Since Ramadan started, my landlord’s son, eleven year-old Mohamed, consistently shows up at my door every evening at approximately six o’clock sharp, which is about an hour before the call-to-prayer that sounds when everybody breaks fast (el-ftour). Mohamed always has on his blue shorts and a blue wife-beater that says something in English on the front of it that I’m sure he doesn’t understand. He’s a dirty little kid, filthy actually. The other day, he picked up my water bottle, which was perspiring as the ice in it melt, and took a big gulp in front of me. When he sat the water back down, the outside of the bottle was covered in dirt, and I just kept thinking, “How are you so dirty? Where did all this grime come from?”
Think Pig-Pen from Peanuts and you’ve pretty well got Mohamed pegged. Because he is eleven, he’s not yet fasting (you start when you’re thirteen), so when he comes over to my house, the first thing he does is walk right to my fridge and start exploring what there is to eat or drink. Yesterday, he got his hands on a bottle of honey, tore the cap off and started sipping the honey like it was juice. I grabbed it from him and said, “Okay, see, this is where diabetes comes from, Mohamed.” I probably understand about 10% of the things he says to me. I don’t know why it is that children are so much harder to understand than adults, but I guess that’s actually true even when kids mumble English at age eleven.
On a typical day, I grab my backpack, even though it’s empty, and we head out the door to make the twenty-minute walk over to my landlord’s house with Mohamed. I don’t know why I have this obsession with totting my empty backpack around, but I guess I’m always convinced that I might buy a kilo of apples on a whim, or something equally ridiculous. I mean, it’s always a possibility. Just yesterday, after el-ftour, Ori and I, along with our friend Hassan, stopped to eat prickly pears on the street. They taste a little like a cross between a pineapple and a banana with large seeds infiltrating an otherwise slimy fruit. I’m not a fan, and honestly, even though someone else cuts them for you, they’re too much work and hardly worth it. My first time dealing with a prickly pear was in Israel, and that was before anyone told me that the outside of the fruit is covered in the needles that cover the rest of the cactus. You can’t see them, but you can feel them, and it’s quite painful – hence the name. That one bad experience was enough to sour me on them forever.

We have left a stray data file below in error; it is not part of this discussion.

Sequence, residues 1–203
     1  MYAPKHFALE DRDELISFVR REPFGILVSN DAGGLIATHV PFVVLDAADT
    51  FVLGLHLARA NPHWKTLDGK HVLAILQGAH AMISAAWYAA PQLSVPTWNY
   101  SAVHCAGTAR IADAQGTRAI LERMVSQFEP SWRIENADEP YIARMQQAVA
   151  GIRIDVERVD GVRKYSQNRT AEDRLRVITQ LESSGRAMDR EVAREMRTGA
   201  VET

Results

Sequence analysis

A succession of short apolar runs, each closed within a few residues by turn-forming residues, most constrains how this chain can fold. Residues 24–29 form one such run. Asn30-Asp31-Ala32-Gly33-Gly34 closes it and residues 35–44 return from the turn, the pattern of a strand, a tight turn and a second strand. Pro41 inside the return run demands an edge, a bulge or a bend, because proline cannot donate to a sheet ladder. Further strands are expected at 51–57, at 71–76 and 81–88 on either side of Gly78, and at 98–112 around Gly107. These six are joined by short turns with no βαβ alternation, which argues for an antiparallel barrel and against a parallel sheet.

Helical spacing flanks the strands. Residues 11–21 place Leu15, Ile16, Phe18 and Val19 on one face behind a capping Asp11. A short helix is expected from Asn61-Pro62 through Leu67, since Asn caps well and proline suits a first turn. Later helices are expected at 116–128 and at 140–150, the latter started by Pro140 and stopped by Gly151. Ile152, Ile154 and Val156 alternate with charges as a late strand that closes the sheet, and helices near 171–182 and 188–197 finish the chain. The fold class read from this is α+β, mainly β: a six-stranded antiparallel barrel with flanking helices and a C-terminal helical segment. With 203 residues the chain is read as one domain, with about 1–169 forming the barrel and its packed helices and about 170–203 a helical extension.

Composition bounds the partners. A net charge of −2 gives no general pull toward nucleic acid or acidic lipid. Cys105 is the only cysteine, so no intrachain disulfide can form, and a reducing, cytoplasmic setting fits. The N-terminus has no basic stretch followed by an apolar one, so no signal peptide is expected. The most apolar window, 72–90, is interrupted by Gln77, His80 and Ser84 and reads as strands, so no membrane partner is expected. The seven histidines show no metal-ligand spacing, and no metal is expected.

My landlord’s house is not nearly as nice as mine, which is something that has confused me for months, considering I am renting his house. During the day, there is no electricity, so usually when I show up, even though the sun is going down and almost gone, there’s still no electricity, so we begin el-ftour in the dark, and about five minutes in, someone somewhere must turn on the power, because suddenly, the room is lit up, and the table is covered in dates, chebakia, eggs caked in olive oil, honey and apricot jelly, an assortment of breads, including the traditional Moroccan bread called khobz fresh out of the oven, and a very thin, almost leaf-like tortilla of sorts that’s been drenched in what tastes a lot like pico de gallo. As the meal progresses, we all gather round a small circular table on the floor awaiting the main dish, harira, a kind of tomato soup that includes small noodles, lots of cilantro, chickpeas, and fava beans. Finally, dessert is plums, nectarines, apples, and a large melon that might be the juiciest melon I’ve ever tasted in my life, all topped off with a glass of mint tea and some orange soda (or a few nights, fresh-squeezed orange juice) that I suspect was bought specifically because I was coming. Allal’s family doesn’t have sofa’s (ponj) or couches, so the whole meal occurs atop several blankets where we stretch out watching the calls-to-prayer on television after we’re stuffed.
Then, that’s pretty much it. I sit for a little while there on the floor watching T.V., and then, I get up, announce to everyone that I am going home, giving the appropriate thank yous and “God bless your parentses” and this-and-that, and then, I walk back to my house in the dark until the next day, Mohamed shows up again in his smurf outfit, parading around my house like some explorer in a foreign land until I say, “Okay, let’s go, Mohamed,” and off we go again to do it all over. It’s like that Bill Murray movie Groundhog Day for a straight month, except it’s set in the Arab world and no one is drinking water or eating anything so long as the sun is up.
I said a lot about Ramadan last year. I think this go around, I’ll just leave it at that, just a nice little story about what life has been like here in the olive orchard the past few days and what it’s probably to continue to be like in the coming few weeks. As I approach the end of my service, there’s been this part of me that has been able to get a real taste for America, enough of one to almost make me homesick, but there’s another side of me, too, a side that has grown ever so (incredibly) slowly more sentimental for my life here, and I have these moments where I’ll stop myself and think, “This. This is something you will very much miss in just four months from now. Cherish it while you have it. This is Morocco.” I think dirty little Mohamed in his blue shirt and shorts, a table set for a feast to break fast, laughter (and occasionally silly dancing) filling a simple room that has everything in it a person could ever need (i.e. the people who matter), and those are all the very images that have etched themselves into my soul and will remain there until I get the itch again to pursue another crazy adventure in God only knows what place, whether it’s America or halfway across the world or back to Morocco. Yes, Ramadan is generous. A happy celebration within, for every reminder of how blessed and privileged we really are.